European flavour to international Space Shuttle flight Space Shuttle Columbia lifted off today at 16:49 Central European Summer Time from the Kennedy Space Center in Florida for a 16 day (STS 78) life sciences and microgravity mission. The orbiter carries a seven-member international crew and its cargo bay is fitted with Spacelab (*). More than half of the experiments on board are under ESA's responsibility and are housed in five main ESA research facilities.
The key objectives of the Life and Microgravity Spacelab (LMS) mission are to study the effects of almost complete absence of gravity (microgravity) on the physiology, development and behaviour of living systems and to study fluid physics, material processing and the growth of protein crystals.
ESA-developed experiments and facilities for this mission include the Bubble, Drop and Particle Unit, the Advanced Protein Crystalliszation facility, the Advanced Gradient Heating Facility and the Torque Velocity Dynamometer.
The seven-strong Shuttle crew further reflects the international nature of this mission: Jean-Jacques Favier, an astronaut from the French space agency CNES with the role of payload specialist on this mission, and Robert Thirsk, also payload specialist from the Canadian Space Agency, complement the five NASA crew members. ESA astronaut Pedro Duque, from Spain, and Luca Urbani of the Italian space agency ASI are back-ups for the flight.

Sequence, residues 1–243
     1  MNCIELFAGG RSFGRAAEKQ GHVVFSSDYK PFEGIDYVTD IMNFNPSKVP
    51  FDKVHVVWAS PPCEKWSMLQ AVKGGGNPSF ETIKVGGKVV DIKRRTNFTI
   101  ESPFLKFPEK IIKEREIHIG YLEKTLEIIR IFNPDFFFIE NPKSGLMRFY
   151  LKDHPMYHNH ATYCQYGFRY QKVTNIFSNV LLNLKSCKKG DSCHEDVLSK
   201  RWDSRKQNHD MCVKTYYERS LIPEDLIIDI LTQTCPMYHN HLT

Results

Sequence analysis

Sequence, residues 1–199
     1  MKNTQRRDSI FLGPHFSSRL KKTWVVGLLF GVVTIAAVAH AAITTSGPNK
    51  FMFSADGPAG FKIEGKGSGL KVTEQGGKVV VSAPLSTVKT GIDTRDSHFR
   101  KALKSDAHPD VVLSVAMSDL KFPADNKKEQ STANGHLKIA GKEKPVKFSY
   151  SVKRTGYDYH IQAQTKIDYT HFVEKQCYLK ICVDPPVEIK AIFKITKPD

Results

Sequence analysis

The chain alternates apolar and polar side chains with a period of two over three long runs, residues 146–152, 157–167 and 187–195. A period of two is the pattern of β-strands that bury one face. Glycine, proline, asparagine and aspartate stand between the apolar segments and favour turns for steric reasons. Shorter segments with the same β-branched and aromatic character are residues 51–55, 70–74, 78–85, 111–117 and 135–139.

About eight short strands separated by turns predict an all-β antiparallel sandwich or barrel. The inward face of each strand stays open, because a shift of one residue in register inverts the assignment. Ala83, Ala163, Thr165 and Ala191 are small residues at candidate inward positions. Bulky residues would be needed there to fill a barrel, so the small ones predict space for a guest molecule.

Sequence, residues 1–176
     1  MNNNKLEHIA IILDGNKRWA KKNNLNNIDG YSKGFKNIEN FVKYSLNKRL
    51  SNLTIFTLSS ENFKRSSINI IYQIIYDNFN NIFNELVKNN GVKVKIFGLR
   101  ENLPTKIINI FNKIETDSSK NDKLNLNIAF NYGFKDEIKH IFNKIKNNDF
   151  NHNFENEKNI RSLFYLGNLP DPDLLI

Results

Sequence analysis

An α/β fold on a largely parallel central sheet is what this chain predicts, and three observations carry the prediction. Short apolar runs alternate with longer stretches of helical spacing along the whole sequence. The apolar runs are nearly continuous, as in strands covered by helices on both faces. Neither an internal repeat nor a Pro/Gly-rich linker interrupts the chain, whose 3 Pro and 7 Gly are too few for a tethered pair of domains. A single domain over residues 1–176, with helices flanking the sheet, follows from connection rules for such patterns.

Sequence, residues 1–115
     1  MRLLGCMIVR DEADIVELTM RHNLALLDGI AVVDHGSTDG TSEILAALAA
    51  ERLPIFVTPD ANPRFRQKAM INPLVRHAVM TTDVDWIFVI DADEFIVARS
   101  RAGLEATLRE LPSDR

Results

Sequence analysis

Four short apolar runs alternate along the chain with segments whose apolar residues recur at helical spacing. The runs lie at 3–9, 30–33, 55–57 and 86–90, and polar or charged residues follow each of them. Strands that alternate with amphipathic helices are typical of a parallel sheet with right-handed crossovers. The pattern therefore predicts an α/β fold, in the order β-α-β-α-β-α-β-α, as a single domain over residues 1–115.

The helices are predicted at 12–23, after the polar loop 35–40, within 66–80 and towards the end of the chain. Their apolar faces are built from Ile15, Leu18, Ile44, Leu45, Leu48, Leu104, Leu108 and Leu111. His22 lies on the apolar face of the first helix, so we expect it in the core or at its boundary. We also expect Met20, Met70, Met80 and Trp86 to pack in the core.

The mission involves dozens of scientists and research institutes with principal investigators from Belgium, Canada, France, Germany, Italy, Switzerland, Spain, Sweden, the United Kingdom and the United States.
(*) Spacelab - designed, developed and funded by ESA as Europe's contribution to NASA's Space Shuttle system - provides astronauts with an environment similar to laboratory conditions on Earth but without the effects of gravity.
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